If Oregon were to roll back the rule, supportive districts might continue with the broader access, administrators said. Josh Gamez, chief facilities officer for the Beaverton School District, said the district would want to hear from its community first. “If the product is being used, we want to support that,” he said. “This is for the students.”

And David Douglas School District spokesperson Dan McCue said he hasn’t heard of any objections in his school district.

In Portland Public Schools, newly rebuilt campuses like Grant and Lincoln high schools offer gender-neutral restrooms, making the distinction between boys’ and girls’ restrooms less meaningful.

For community colleges and universities, menstrual products are required only in educational buildings, meaning dorms are exempt from the rule, according to Kyle Thomas, legislative and policy director for the Higher Education Coordinating Commission.

West Coast comparisons

Oregon’s rule to require products in all bathrooms goes further than other similar laws on the West Coast.

California’s original bill required that all school bathrooms offer period products. High costs forced lawmakers to scale back the 2021 law to include only school bathrooms in grades six through 12, including at least one boys’ bathroom per school. Community colleges and state universities are required to have at least one location on campus to access these products. Schools are reimbursed by the state.

“It’s not ideal, but it’s been influential and gets us closer to a place where menstrual products are available in all bathrooms,” California Assemblymember Cristina Garcia, a Democrat, said.

In Washington, public and private K-12 schools are required to provide period products to grades six through 12 in all female bathrooms and in all gender-neutral bathrooms. Community colleges and universities are also included. If a school does not have a gender-neutral bathroom, they are required to put menstrual hygiene products in at least one male bathroom. Washington law also requires that grades three through five have access to products in at least one location.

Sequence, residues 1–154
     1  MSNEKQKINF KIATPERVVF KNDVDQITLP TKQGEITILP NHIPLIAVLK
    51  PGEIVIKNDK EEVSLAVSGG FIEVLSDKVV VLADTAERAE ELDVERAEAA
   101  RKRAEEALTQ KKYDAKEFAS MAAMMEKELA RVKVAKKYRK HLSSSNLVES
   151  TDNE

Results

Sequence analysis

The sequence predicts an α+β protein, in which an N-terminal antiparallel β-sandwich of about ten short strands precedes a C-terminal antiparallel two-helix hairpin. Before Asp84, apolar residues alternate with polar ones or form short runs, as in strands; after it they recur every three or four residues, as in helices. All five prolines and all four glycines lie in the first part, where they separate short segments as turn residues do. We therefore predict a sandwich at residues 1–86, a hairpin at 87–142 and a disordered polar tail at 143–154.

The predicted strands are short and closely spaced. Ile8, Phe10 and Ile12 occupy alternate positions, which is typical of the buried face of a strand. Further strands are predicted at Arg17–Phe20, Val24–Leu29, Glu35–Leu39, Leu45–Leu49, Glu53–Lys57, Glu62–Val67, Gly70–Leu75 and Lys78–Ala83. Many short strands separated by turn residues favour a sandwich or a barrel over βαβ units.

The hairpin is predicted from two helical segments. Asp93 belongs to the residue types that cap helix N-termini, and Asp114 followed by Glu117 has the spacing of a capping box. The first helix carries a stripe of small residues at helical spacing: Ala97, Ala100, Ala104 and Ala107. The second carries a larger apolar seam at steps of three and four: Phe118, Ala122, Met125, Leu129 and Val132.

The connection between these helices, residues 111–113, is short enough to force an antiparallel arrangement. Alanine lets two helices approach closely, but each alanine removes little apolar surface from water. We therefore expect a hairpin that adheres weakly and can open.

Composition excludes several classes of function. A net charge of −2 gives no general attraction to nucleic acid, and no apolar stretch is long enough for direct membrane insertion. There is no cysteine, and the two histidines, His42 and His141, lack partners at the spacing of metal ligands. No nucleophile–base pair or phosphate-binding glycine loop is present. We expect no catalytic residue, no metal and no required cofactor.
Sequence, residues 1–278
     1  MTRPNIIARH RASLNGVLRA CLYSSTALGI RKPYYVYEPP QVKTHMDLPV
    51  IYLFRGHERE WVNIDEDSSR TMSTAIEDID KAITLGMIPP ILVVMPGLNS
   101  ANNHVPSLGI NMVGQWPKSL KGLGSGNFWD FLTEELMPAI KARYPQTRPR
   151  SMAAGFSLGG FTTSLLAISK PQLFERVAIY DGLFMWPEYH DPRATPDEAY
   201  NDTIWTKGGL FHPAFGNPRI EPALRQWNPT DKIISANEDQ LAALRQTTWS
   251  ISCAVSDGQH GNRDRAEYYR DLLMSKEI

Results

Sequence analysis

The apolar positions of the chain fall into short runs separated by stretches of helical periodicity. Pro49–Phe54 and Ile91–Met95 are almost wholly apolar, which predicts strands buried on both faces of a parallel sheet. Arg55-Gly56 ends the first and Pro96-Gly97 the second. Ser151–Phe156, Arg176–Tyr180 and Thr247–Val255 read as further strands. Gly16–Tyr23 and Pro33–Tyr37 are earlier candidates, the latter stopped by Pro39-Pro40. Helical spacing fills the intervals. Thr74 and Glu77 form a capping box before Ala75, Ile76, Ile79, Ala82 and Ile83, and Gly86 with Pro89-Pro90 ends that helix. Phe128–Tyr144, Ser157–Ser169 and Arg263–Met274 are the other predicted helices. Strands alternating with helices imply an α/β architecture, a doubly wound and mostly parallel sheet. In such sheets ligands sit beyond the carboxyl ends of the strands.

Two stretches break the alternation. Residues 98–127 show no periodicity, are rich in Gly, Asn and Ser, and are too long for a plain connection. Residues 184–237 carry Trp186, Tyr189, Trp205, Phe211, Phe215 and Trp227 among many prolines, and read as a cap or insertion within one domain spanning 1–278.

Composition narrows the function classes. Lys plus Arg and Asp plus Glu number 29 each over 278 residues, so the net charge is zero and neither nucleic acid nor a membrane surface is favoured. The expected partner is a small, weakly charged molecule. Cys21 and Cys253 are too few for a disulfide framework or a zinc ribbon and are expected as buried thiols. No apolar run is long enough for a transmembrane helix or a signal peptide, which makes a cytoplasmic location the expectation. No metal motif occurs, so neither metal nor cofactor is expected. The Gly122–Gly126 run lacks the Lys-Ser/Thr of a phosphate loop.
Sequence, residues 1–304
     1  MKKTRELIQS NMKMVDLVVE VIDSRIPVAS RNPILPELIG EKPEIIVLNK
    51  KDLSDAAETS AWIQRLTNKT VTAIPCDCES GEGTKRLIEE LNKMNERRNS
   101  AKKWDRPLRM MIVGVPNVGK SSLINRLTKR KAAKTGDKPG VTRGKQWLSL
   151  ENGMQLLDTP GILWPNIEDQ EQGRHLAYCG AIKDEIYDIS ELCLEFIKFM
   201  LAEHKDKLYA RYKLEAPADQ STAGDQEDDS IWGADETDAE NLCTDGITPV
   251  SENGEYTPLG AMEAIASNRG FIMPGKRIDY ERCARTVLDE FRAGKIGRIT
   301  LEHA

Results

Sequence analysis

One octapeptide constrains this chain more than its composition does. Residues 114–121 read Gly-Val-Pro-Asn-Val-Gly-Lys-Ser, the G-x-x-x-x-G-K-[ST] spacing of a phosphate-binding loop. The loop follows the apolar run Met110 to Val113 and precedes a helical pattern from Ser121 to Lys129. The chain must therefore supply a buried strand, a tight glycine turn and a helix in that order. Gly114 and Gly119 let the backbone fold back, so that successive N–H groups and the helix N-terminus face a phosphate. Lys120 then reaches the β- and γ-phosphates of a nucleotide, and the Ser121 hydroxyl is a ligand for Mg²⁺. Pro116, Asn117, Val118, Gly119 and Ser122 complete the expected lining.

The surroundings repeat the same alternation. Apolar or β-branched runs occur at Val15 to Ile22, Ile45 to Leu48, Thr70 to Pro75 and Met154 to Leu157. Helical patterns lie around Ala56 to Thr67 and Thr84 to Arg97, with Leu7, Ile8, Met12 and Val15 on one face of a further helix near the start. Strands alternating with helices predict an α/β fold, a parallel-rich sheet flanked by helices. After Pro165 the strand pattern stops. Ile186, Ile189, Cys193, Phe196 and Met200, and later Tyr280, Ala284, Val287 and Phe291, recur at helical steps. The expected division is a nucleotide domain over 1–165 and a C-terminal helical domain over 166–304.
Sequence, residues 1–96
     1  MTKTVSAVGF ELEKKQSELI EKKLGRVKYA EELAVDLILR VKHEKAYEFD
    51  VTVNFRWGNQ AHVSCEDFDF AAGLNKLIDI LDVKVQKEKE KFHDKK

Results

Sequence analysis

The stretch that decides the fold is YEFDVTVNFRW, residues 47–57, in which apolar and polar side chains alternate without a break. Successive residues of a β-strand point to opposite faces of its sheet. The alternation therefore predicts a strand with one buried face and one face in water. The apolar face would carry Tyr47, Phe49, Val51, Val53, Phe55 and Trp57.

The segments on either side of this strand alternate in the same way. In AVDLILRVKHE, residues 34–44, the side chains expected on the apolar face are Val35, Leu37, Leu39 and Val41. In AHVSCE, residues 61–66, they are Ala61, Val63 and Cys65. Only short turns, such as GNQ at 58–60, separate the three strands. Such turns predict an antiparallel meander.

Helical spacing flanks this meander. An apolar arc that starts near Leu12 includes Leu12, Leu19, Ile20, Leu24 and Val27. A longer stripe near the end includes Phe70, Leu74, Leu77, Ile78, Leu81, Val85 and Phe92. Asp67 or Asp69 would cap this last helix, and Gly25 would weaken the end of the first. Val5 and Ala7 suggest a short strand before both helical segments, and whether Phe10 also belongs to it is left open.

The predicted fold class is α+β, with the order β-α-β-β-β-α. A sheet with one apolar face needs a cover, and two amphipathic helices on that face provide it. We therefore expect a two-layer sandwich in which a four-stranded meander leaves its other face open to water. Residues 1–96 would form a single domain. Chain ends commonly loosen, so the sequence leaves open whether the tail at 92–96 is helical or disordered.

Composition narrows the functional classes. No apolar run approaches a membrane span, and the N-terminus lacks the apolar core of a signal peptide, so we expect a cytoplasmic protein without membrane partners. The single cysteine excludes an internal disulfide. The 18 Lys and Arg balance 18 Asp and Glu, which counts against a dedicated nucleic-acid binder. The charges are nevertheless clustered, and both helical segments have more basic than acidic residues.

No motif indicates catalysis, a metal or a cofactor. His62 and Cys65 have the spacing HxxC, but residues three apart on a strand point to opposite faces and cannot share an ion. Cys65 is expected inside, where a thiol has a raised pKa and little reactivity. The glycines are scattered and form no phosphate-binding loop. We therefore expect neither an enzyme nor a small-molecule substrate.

In Oregon, the bill includes boys’ bathrooms for children as young as kindergarten.

“I think, in general, we wanted to include all restrooms because we never know who might need to use them,” Ruiz said.

Requiring access to menstrual products for students who are likely too young to use them is a waste of resources, said Stritenberg, who also worries that some children will misuse the products and cause damage to facilities.

“Don’t get me wrong I’m not opposed to making these products available, but requiring we divert funds from our state school funds to ensure they are included specifically in boys’ bathrooms is a misuse of those funds,” she said.

Petition in play

Stritenberg’s petition to narrow Oregon’s law requires that the Oregon Department of Education allow for response from the public before making a decision. The department will respond within 90 days after receiving the petition.

Stritenberg said she’s not acting on behalf of her school board. Instead, she came forward over questions she’s heard in her community.

Ruiz is confident the bill will remain intact, but he said he is open to making amendments in the next legislative session.

Daphne Ischer, 17, said she wants to see the broader rule stay in place. She recently graduated from Tualatin High School, where she was a member of the advocacy group PERIOD.

She also testified in favor of the Menstrual Dignity Act last year and said it’s important for transgender and non-gendered students to feel accepted — with menstrual products in any bathroom they may use.

“There’s not always gender-neutral bathrooms, there’s not always a lot and there’s not always complete access to them,” said Ischer.

Ischer also sees the universal presence of dispensers as an opportunity to start teaching younger students about periods and menstrual hygiene. All fourth and fifth grade teachers in Portland Public Schools will get menstruation kits for the upcoming school year, to give students in their classrooms visual aids.

“When we start these conversations in the classroom earlier, and those conversations continue, periods become less stigmatized,” Ischer said.